Boxing


Chavez, Jr too big, too strong, too tough for Lee

By Paul Strauss: Momentarily, there was hope. The first couple of rounds might have fooled a few Andy Lee fans, making them think there was a chance. There really wasn't. Everything was in favor of Julio Cesar Chavez, Jr. First, the bloodline, then the location (El Paso, TX), then his size, his power, to go along with his better combinations, body punching, and so on. Andy Lee had a chance on paper. That's about it.

A sad fact is Lee is too easy to hit. He consistently fails to get his hands back high enough to provide protection, and since he doesn't move his head much, it usually means he catches a lot of shots. Unfortunately, he's not fleet of foot either.

His hall of fame trainer Emanuel Steward pleaded with Andy to keep the fight in the center of the unusually small ring (another point in Chavez' favor). He kept reminding Andy that he didn't have to fight with this guy, but Andy couldn't do it for a number of reasons. First, his pity-pat jab did nothing to deter Chavez' forward progress. Andy also was not accurate with his shots. He managed to get through a few straight lefts that were half way decent, but when under pressure, he started to loop his long shots, and fall short with his uppercuts.

Another shortcoming of Andy's was his failure to answer Chavez' combinations. There were more and more unanswered punches as the fight progressed. In the post-fight interview, Andy told Larry Merchant that he found out Chavez was just too big and strong for him. Andy explained that Chavez “….walked right through my shots…”, so he was unable to keep Chavez off of him.

As a result, Chavez steadily kept building on his attack, mixing in hard body shots with his good hooks to the head. He consistently got in his left hook over the low right hand of Andy. Chavez was successful in pressing Andy back against the ropes, and then he would pulverize him with a mixture of hard shots, both to the head and body.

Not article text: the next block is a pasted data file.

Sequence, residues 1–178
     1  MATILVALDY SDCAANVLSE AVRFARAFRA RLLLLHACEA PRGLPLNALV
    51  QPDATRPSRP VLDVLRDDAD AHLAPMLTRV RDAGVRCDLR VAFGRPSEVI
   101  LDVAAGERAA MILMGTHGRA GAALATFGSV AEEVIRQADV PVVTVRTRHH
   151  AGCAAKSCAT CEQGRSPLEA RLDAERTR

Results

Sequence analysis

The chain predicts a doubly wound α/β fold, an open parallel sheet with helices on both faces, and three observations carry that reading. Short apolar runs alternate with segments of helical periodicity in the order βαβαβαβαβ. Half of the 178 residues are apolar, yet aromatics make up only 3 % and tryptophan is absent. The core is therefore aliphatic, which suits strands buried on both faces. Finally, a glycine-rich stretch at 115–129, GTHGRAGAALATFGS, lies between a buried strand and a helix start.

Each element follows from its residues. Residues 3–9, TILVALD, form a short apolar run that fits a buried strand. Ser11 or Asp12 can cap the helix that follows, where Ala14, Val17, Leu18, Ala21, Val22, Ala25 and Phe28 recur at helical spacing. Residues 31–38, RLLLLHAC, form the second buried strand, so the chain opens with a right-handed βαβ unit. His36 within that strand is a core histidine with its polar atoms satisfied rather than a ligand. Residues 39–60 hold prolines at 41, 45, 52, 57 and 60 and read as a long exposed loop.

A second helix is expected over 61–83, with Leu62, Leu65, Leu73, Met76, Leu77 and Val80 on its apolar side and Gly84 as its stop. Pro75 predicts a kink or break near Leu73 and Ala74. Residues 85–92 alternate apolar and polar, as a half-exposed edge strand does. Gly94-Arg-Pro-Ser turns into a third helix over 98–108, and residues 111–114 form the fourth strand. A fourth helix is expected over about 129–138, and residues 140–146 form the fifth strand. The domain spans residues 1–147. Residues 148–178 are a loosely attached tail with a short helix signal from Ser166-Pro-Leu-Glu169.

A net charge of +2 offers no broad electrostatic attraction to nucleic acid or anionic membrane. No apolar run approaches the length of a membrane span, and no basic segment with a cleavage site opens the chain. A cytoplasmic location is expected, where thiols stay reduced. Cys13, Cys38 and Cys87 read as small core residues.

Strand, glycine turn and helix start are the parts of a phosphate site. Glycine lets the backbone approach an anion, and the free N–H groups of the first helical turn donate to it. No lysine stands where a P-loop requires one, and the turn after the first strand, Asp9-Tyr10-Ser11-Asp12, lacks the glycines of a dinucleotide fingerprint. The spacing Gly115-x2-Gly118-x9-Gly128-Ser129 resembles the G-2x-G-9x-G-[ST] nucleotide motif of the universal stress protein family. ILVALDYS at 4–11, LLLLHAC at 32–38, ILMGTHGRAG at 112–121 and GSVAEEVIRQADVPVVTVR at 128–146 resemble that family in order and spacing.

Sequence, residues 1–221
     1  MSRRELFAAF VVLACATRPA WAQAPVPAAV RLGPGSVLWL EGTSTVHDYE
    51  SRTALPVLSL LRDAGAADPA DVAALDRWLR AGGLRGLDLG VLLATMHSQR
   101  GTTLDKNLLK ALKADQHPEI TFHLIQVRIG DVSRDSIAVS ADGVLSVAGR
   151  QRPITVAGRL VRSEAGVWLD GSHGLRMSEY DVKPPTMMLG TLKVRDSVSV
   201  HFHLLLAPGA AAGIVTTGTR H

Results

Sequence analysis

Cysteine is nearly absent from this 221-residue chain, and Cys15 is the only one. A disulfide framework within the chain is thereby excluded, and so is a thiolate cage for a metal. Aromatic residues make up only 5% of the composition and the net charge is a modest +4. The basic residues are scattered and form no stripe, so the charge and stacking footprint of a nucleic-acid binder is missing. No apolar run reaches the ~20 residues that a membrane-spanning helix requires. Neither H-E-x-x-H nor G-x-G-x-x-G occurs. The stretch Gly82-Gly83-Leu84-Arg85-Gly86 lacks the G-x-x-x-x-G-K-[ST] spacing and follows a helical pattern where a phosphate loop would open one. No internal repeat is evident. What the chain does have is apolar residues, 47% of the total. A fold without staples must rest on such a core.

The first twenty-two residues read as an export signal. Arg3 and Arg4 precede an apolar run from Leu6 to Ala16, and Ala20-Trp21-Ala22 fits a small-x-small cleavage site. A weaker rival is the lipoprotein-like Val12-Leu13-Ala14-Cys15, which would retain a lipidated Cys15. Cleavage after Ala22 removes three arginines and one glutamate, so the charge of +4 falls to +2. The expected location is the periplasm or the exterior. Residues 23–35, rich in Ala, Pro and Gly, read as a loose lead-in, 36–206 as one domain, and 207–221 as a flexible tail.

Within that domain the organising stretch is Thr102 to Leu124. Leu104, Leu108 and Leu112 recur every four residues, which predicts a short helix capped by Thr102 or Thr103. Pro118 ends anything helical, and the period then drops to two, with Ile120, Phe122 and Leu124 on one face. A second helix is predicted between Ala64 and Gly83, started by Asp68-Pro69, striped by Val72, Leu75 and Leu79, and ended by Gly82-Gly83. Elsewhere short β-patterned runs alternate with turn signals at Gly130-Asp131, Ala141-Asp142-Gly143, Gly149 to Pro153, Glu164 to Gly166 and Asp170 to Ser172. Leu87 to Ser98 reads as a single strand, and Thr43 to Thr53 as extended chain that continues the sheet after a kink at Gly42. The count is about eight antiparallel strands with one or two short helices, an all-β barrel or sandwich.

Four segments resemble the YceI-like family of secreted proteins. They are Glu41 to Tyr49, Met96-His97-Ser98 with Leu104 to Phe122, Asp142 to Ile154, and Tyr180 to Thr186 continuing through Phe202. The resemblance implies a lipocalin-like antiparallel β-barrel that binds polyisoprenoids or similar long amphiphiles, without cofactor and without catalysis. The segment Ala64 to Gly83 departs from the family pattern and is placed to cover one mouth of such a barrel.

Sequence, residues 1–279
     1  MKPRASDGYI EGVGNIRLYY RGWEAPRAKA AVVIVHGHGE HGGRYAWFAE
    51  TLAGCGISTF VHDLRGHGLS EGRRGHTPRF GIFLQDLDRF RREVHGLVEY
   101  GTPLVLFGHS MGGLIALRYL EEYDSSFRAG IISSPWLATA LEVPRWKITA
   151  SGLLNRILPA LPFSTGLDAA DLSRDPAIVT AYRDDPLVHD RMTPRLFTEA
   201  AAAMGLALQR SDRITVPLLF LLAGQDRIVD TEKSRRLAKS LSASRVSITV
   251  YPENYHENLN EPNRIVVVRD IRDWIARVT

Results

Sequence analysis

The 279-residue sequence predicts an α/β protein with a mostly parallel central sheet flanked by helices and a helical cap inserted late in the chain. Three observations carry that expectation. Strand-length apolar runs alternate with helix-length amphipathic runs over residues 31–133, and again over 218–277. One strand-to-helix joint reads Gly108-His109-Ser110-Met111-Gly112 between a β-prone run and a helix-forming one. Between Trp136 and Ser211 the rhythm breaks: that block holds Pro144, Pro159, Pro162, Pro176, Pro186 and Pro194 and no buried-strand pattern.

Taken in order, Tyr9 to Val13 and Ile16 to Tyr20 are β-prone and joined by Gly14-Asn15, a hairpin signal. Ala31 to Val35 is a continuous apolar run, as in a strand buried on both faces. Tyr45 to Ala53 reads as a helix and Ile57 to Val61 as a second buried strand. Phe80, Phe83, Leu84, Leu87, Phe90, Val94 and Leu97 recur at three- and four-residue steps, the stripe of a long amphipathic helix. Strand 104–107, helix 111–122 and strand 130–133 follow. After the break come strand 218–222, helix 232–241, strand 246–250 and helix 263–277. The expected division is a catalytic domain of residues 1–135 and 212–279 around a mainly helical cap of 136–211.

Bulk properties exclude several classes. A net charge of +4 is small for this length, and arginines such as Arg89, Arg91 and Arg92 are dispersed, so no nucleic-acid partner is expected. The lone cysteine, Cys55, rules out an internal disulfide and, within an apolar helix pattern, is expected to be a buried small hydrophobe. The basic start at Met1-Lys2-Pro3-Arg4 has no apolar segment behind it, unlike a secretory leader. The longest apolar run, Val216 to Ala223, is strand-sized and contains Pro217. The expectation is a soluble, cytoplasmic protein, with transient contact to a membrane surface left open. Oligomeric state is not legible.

By the fith round, Andy face was getting marked up. In the corner, Chavez complained about a leg cramp, but it didn't slow him down enough for Andy to realize any kind of advantage. In first couple of rounds, it appeared Andy was going to be fighting smart. He would pull Chavez' lowered head down, or tie him up, or step around him. But, in the later rounds, he tired and just didn't have the juice to continue with the tactics needed to frustrate Chavez. Consequently, Chavez continued to gain confidence.

Chavez started to rip off more and more combinations, ripping punching to both the body and head. Andy was starting to fold up, failing to answer with anything of note. By the fifth, six and seventh, Andy's punches were mostly arm punches, or worse yet, pity-pat shots, which resulted in more countering opportunities for Chavez.

In the seventh round, Chavez landed a mixture of about five punches to the body and top of Andy's head. Then a big right hand got through, flush to the middle of Andy's face. As soon as it landed you knew the fight was over. But, before Referee Laurence Cole stepped in to stop things, Chavez landed another eight or ten shots. Cole then jumped in at 2:21 of the seventh to signify a TKO victory for Chavez.

Now the talk is for a matchup between Chavez and Sergio Martinez. After witnessing what Chavez was able to do against a bigger middleweight, some (including Andy) think Chavez will be too big for Martinez, who keeps getting described as a small middleweight. However, Martinez makes Andy Lee look like he's standing still, and chances are he will do the same to Chavez.

Martinez is extremely fast, both with his hands and feet. He is a very smart fighter, and understands styles and weaknesses, and can take advantage of patterns and mistakes. Another valuable weapon is the accuracy of his punches, and finally give him a Grade A for a chin. Chavez might roll into the ring at about 180 lbs on fight night, but that won't be as important as it was against someone like Marco Rubio. Sergio managed to do pretty well against big tall guys like Williams and Pavlik. It will be interesting to see where the fight will be held, who the referee and judges will be, etc. When Freddy's working Chavez' corner, he will be advising him to be more active, to create more pressure, but what he will be thinking is "You can't handle his speed son"!

Article posted on 17.06.2012



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